What Young Athletes Should Be Eating on Game Day

Game day nutrition is particularly important for young athletes who are growing, maturing, and have high energy demands. Making sure they make smart, nutritious choices will ensure they have adequate fuel to make it through the big game and beyond.

When to eat:

Planning when to eat is almost as important as deciding what to eat. Our bodies generally require 2-3 hours to digest a normal size meal. A small snack such as a protein bar or granola bar only requires 30-minutes to an hour. It’s a good idea to eat a decent-sized breakfast or lunch, but don’t overeat just before game time. Make sure you know what time game warm-ups start so you can work backwards to plan your eating schedule in advance. Grabbing a protein bar or energy bar just before warm-ups is a good idea, especially if it’s been several hours since your last meal. Keep your snacks light and healthy.

In addition, if you’re playing in a tournament and need to eat between games, you might rethink eating a huge meal, particularly if there is only a small break before your next game.

What to eat:

Healthy carbs like whole grain bread, pasta, cereal, or crackers are a good source of energy. A little bit of protein with every meal helps support growth and builds and repairs young muscles. Eggs on whole wheat toast with a side of bacon are a great start to the day, followed by a lunchtime sandwich with low-sodium deli meat and some fresh veggies and yogurt.

Fatty foods such as pizza with extra cheese and greasy fries can leave athletes feeling overfull and sluggish—not a great recipe for success on the playing field. Fatty foods also take longer to digest, so keep that in mind when planning when to eat.

Hydration is also key. Athletes should start to hydrate early on game day, drinking plenty of water or clear fluids without lots of sugar. In the 2-3 hour window before game time, kids should take extra sips to ensure they are fully hydrated. During the game, rehydrating with at least a ½ cup of water every 15 minutes is ideal to replenish fluids after sweat loss. Dehydration can put athletes on the sidelines, so be particularly mindful of rehydrating when the weather is hot and your player is sweating a lot.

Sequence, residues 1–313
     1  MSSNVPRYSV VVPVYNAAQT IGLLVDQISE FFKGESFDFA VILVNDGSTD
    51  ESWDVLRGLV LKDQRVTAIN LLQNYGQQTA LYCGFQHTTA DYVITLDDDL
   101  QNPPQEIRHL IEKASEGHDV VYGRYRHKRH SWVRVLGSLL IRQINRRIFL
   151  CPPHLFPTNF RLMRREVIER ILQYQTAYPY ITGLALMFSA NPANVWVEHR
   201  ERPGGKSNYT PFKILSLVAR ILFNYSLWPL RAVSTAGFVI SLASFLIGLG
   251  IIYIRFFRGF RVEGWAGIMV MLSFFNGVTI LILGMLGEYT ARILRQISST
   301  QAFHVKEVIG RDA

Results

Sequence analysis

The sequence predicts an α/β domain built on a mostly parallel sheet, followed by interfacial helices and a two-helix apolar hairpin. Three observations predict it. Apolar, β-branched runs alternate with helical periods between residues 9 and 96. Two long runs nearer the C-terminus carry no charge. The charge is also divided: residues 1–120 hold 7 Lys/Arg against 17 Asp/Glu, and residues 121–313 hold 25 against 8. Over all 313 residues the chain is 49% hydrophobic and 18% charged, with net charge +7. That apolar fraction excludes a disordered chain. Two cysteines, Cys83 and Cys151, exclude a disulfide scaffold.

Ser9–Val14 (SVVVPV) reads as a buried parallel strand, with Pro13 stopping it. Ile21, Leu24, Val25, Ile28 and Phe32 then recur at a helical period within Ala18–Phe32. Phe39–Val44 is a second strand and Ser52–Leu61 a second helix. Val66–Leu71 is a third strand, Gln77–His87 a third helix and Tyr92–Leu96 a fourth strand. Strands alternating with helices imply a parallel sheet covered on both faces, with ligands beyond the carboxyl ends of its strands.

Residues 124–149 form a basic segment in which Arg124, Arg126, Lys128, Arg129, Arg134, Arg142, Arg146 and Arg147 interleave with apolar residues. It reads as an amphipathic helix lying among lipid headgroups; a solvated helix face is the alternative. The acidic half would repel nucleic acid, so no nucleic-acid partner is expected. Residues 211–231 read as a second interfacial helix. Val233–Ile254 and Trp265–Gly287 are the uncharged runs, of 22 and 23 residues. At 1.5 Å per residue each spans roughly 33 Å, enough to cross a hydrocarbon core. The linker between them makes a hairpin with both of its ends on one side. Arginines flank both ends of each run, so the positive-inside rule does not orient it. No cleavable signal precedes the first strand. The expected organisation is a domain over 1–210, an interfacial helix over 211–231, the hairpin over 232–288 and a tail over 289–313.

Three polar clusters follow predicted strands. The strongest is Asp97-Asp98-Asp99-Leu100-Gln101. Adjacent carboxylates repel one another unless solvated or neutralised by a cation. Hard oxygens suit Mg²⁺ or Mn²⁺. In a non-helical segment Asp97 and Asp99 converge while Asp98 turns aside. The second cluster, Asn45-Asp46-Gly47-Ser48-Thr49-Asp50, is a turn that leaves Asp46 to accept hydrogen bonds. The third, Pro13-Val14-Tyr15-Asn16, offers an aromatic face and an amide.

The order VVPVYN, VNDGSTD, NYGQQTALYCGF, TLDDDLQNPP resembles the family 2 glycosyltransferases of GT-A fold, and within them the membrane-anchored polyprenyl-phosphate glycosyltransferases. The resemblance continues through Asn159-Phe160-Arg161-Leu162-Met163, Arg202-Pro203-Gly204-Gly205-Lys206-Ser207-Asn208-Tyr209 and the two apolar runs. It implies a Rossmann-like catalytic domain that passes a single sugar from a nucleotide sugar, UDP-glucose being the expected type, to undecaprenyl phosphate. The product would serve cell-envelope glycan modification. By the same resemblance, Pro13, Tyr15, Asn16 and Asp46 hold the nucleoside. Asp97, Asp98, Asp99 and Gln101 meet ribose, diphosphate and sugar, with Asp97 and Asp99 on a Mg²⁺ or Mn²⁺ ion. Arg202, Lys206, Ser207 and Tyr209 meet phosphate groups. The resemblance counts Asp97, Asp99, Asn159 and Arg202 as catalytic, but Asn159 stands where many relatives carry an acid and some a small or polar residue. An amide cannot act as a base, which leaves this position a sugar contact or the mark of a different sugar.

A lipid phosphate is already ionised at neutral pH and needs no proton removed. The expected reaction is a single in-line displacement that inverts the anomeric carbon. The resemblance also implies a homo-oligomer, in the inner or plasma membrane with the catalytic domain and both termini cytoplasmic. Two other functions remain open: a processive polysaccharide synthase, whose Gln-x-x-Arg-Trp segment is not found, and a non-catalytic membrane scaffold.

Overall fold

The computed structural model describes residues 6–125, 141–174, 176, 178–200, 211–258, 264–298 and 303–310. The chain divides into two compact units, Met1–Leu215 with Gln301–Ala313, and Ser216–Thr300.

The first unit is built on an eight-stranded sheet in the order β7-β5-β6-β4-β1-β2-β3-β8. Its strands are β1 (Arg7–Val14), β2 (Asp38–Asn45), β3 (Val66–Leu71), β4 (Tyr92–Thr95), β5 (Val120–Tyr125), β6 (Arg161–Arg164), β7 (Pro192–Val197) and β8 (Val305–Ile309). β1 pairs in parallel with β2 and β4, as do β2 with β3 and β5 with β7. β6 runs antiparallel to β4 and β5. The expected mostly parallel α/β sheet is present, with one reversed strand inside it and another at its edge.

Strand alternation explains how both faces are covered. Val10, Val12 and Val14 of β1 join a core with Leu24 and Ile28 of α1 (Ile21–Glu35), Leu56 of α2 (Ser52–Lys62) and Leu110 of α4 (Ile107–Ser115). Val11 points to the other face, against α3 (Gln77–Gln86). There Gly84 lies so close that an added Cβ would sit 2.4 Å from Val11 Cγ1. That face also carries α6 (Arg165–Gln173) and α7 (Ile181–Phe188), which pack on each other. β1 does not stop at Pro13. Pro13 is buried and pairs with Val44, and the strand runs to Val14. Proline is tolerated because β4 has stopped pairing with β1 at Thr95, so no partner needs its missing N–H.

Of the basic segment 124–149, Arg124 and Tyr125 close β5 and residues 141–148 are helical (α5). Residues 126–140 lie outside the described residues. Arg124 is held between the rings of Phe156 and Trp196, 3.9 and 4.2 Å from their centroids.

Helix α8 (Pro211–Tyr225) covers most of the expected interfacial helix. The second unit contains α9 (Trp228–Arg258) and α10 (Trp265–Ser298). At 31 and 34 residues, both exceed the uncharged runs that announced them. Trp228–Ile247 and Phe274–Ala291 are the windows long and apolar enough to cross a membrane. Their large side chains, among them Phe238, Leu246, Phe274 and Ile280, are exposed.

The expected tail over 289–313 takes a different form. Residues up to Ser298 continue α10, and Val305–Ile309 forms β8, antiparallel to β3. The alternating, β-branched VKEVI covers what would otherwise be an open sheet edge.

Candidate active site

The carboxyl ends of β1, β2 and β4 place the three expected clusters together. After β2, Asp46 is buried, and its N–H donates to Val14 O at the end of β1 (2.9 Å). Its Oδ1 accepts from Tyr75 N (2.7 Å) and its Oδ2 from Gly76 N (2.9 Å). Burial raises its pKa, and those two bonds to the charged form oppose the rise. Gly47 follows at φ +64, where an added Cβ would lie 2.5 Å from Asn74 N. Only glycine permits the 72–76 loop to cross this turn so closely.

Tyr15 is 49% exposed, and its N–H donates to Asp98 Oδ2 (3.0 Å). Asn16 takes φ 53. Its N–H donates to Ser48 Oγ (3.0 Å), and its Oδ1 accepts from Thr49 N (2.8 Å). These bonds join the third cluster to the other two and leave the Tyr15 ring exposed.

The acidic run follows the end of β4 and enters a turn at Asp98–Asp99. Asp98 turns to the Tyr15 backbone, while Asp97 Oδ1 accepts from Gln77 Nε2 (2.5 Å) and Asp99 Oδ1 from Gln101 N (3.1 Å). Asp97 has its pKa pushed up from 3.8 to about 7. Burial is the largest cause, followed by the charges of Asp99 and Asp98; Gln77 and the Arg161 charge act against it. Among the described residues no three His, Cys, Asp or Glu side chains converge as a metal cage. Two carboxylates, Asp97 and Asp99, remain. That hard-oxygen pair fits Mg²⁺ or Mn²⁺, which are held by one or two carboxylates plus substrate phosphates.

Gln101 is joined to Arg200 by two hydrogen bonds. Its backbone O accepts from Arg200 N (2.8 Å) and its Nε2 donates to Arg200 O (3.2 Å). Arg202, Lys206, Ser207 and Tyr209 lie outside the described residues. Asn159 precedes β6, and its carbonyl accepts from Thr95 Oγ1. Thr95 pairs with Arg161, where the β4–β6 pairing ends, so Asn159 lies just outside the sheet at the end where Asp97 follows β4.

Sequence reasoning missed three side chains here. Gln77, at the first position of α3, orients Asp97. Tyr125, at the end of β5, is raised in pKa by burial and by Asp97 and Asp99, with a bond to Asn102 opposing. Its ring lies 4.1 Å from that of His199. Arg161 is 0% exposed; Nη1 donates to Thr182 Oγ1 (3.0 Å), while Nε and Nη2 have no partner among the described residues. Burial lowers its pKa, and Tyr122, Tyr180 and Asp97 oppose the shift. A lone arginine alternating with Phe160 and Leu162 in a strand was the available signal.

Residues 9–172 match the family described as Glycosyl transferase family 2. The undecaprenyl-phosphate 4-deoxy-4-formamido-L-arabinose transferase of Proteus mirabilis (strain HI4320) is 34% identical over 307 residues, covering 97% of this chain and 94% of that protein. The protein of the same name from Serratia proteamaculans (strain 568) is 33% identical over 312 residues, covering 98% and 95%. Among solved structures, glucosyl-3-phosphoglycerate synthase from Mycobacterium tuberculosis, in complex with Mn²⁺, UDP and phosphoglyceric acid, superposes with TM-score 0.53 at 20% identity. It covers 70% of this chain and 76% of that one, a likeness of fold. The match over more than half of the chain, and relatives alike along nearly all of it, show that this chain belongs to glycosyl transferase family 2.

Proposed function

Food Safety:

If it’s hot out or you’re traveling to and from the game without access to refrigeration, be extra vigilant about food safety. Pack a cooler with enough freezer packs to store perishable foods and drinks at the right temperature to prevent spoilage. Cheese sticks, yogurt, eggs, and salads with mayo all require cold storage. Stomach cramps and nausea from eating spoiled food won’t help with your child’s sports performance.

Post-Game Recovery:

Experts suggest 8 oz. of low-fat chocolate milk to be the perfect recovery beverage after an intense workout. Chocolate milk has all of the nutrients the body needs for recovery. The sugar and carbs in chocolate milk replace the glycogen that was burned as energy during the game and provide a good instant source of energy. The protein, calcium, and vitamin D in the milk help burn fat and build muscle; water rehydrates; and even the youngest athletes like the taste so they will reliably drink up.

Sports drinks like Gatorade and Powerade are great for hydration and electrolyte replenishment, but don’t do much for building muscle or glycogen repair.

With a little planning ahead and some smart choices, your young athlete should have the energy he or she needs to go for the win!

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